Jessica Peck is a sophomore majoring in Communication Sciences & Disorders. She traveling in Moscow, Russia for 10 weeks during Spring Quarter.
Bustle, excitement and exhaustion. Adapting to this Moscow lifestyle has been a bit tricky. I’ve lived in small towns all my life and learning to get used to the ways of the city is a tough adjustment. There are several things that I still have not acclimatized to yet.
For example, the exhaustion! From the moment I leave my front door I have to be sure that I’m are prepared for my entire day. It’s not always possible to come back to the apartment to rest because by the time I’m able to get back from my commute it may be time to leave again for my next dinner date or personal excursion. I walk everywhere in the city and by the end of the week I am always drained of energy. Another factor that adds to the fatigue is that unlike classes at college, which are diversified and in English (unless it’s a language class of course), the only classes I am taking here are in Russian. We have intense language classes in the morning and history and literature and culture in the afternoon. When all of the classes are in a language you are still learning, you have to pay close attention to every word because your brain in decoding the language and trying to grasp the content at the same time. If you are not using your complete attention, it is all too easy for your brain to still be translating unfamiliar words on one topic while the professor already started a new one.
Another thing that’s hard getting used to is using the metro for transportation. The Moscow Metro system itself is quite easy to use but having to schedule the right amount of commute time into your schedule can be fiddly if you haven’t been to a certain station before. Sometimes a matter of leaving 5 or 10 minutes late can result in you being 20 minutes late to your destination. Also, when you are exhausted, using the metro is a pain because all you want to do is sit and rest but that is not an option because you have to walk back home after you get to your stop. Walking so much is quite wearisome! I do miss being able to hop in a car and get to where I want in a reasonable amount of time in the comfort of my own car. Although, driving here in the city would be a nightmare and I know if I ever tried I would certainly perish because the traffic here is fast, angry and aggressive. I could take a taxi but I’m still not 100 percent comfortable trying to negotiate with a taxi driver because the most convenient taxis are illegitimate. By illegitimate I mean that these taxis are not registered to one company. Instead many taxis are just regular people using their cars to bring people around for some extra income. I must mention that these illegitimate taxis are so common that if you signal for one (at any time during the night), it’s very likely that four different cars will pull up in a matter of seconds. From there, you have the ability to haggle with the drivers until you find one willing to take you to your desired location for the most reasonable price you can pay. Every time I have taken this kind of taxi it has always been within the company of trustworthy native Muscovites who know their way around the city.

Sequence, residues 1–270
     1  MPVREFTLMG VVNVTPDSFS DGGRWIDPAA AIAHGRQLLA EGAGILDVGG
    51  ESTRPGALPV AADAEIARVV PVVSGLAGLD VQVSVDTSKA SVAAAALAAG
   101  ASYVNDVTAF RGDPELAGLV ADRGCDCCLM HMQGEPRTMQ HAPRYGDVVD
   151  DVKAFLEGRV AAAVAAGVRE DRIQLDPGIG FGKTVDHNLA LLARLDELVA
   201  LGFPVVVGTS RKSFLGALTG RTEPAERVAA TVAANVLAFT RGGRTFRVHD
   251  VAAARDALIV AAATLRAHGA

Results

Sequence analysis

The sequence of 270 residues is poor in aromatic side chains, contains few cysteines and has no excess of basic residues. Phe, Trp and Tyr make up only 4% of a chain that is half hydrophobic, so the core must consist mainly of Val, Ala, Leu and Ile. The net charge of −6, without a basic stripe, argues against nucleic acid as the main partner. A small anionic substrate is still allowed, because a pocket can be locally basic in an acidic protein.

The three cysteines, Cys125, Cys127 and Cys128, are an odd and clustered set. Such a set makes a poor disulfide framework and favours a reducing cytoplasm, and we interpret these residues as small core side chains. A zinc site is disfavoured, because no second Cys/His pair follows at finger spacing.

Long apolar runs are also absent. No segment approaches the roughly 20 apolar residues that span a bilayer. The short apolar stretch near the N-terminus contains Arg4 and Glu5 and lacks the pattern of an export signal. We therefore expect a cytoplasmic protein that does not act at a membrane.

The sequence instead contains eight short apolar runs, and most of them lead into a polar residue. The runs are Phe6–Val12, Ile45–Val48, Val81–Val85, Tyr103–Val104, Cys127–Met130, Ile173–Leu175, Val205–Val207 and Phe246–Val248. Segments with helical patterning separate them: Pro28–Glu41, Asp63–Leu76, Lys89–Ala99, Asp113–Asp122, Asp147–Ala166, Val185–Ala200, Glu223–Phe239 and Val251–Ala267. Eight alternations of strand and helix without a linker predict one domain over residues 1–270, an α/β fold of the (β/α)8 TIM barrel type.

The overall attitude of the city oozes an intense, hurried mindset. People are constantly walking fast, the rapidness of the metro system (a new metro train arrives every two minutes) and the roar of traffic on the city streets. The city is always a noisy place so it is difficult to ever feel at peace. Moscow is also over-populated. There are about 12 million people living in one city. For perspective, which is about three million more people than New York City. It’s easy to feel like cattle here, especially when you are in metro during rush hour.
Another factor is that nightlife doesn’t start until midnight. This makes hanging out with friends a little inconvient when we go to the clubs because if we want to go home before 5:30 in the morning we have to pay for a taxi. Since that can be pretty darn expensive, this fact forces us to stay up all night. It’s easy to see hoe all of these things combine to create an exciting yet stressful environment.
However, because of the constant hubbub, there is never an excuse to be bored. There is so much to see and so many opportunities to gain a better understanding of the culture, language and people here. In that sense, living in the city is exciting! My study abroad experience in Moscow is giving me the opportunity to take advantage of it all and that thrill is why I am here. So perhaps being ill adapted to some extent is best because, otherwise, I might get bored.